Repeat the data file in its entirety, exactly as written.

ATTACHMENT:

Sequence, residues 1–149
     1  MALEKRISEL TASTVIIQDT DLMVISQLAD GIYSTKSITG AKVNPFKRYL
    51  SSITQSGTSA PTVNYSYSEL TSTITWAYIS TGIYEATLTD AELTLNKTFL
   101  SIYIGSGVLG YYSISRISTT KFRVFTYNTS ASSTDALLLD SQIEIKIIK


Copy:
Sequence, residues 1–149
     1  MALEKRISEL TASTVIIQDT DLMVISQLAD GIYSTKSITG AKVNPFKRYL
    51  SSITQSGTSA PTVNYSYSEL TSTITWAYIS TGIYEATLTD AELTLNKTFL
   101  SIYIGSGVLG YYSISRISTT KFRVFTYNTS ASSTDALLLD SQIEIKIIK